Franklin County School Board agrees to new retention bonuses

Staff at Franklin County schools can expect a bonus coming their way.

FRANKLIN COUNTY, Va. – Staff at Franklin County Public Schools can expect a bonus coming their way all in the name of retention.

A big reason why people are walking out the door at Franklin County schools is their low salaries.

Since 2018, Loretta Yopp worked as a bus driver for the school district, but after making less than $1,000 a month, she said she could not afford to make ends meet. Because of her low income, she decided to quit about a month ago.

“You can’t live on that, especially with gas prices the way they are. Food is going up and everything,” Yopp said. “We just need to be a competitive market.”

To combat this, Franklin County School Board agreed Monday night to give a $1,000 retention bonus to full-time staff and $500 to part-time employees.

“I think it shows the employees that we appreciate their efforts,” Franklin County Public Schools Superintendent Dr. Bernice Cobbs said. “Not only does it take our professional staff but it takes our classified staff to support an effective school division.”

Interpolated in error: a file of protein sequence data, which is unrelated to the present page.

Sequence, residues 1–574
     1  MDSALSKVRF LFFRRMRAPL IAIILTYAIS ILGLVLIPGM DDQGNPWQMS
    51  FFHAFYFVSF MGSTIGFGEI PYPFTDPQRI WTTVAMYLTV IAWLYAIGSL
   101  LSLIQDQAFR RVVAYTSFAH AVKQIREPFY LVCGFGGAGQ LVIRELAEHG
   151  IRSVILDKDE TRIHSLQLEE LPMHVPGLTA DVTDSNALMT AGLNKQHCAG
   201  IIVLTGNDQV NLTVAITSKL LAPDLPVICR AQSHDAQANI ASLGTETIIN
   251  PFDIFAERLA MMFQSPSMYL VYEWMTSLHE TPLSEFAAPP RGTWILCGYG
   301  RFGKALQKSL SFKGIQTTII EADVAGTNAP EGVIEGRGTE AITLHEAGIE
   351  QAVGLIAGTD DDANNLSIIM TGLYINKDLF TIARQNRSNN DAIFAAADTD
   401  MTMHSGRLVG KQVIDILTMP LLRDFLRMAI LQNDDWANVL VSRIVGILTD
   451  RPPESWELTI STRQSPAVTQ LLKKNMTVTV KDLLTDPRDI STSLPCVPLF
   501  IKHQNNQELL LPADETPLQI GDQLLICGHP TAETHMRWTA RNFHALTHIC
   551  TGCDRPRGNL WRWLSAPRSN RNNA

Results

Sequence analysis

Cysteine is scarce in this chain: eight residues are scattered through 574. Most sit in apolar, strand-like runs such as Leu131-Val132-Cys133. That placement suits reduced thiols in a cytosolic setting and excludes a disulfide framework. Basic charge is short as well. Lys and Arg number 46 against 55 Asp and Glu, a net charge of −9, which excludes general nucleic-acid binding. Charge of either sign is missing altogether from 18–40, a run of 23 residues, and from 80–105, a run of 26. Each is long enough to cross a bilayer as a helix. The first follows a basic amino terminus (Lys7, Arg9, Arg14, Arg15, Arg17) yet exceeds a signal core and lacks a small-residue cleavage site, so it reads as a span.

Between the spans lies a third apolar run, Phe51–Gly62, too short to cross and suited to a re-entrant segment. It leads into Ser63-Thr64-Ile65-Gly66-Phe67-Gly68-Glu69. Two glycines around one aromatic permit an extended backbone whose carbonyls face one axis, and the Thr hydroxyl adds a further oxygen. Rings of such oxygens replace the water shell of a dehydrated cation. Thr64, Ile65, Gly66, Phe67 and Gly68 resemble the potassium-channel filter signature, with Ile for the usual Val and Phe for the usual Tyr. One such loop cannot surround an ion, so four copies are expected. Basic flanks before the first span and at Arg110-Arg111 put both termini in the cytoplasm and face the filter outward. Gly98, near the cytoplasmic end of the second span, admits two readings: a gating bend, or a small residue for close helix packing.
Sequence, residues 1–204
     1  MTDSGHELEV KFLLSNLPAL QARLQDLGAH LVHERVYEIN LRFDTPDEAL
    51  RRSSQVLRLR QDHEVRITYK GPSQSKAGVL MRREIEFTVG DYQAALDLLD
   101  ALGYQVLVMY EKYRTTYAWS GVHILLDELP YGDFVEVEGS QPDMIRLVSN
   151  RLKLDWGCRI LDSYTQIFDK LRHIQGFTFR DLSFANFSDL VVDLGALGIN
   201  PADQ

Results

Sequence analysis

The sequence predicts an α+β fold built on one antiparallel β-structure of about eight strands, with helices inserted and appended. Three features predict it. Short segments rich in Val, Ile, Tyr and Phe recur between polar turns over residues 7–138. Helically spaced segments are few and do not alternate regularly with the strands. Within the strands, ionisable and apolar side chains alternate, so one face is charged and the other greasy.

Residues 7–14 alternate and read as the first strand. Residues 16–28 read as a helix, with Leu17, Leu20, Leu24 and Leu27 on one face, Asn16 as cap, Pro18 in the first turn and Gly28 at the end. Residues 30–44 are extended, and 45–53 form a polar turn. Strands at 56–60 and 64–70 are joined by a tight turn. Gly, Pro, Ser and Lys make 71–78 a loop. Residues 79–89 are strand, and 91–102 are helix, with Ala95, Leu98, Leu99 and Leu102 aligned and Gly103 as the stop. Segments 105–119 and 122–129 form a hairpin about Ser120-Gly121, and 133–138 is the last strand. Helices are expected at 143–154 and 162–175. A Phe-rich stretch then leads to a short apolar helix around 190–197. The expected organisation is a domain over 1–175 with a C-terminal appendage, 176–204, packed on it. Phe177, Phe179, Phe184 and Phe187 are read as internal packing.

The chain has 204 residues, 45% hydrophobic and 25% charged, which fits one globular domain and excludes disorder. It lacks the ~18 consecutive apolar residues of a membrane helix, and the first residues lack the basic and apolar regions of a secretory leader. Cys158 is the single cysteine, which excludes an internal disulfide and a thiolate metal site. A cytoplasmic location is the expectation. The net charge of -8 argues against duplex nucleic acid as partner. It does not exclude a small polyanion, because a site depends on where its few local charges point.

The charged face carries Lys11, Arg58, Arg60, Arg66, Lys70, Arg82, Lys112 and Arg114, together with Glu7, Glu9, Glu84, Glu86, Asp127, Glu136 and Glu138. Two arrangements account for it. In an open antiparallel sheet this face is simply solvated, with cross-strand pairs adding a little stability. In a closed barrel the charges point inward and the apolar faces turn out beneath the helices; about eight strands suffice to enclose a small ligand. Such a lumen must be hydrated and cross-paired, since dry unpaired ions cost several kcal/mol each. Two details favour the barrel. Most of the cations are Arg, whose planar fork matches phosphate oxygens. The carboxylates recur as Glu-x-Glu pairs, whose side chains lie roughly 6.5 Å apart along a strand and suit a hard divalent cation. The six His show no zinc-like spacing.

Cobbs said it will cost $1.4 million to pay the retention bonuses for about 1,200 school employees and said the state’s new budget helps by also providing staff a five percent salary raise. Cobbs said she knows more needs to be done but is appreciative anytime state legislators can help.

While Yopp appreciates the effort, she said it’s just not enough. She said substitute bus drivers should go from making $54 a day to at least $90 a day.

“They’re losing people,” Yopp said. “The bonus is nice., but we need the pay. We need the increase in the pay.”

According to Yopp, the school district needs 16 bus drivers and is worried that the low wages will still pose a problem to attract new hires.

Yopp suggested turning to county residents for help and said if residents pay a 2% tax, the extra money could help increase wages to help retain and attract employees.

But until then, Yopp is paying high gas prices on her 45-minute commute to her new full-time job in Roanoke County.

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Alexus joined 10 News in October 2020.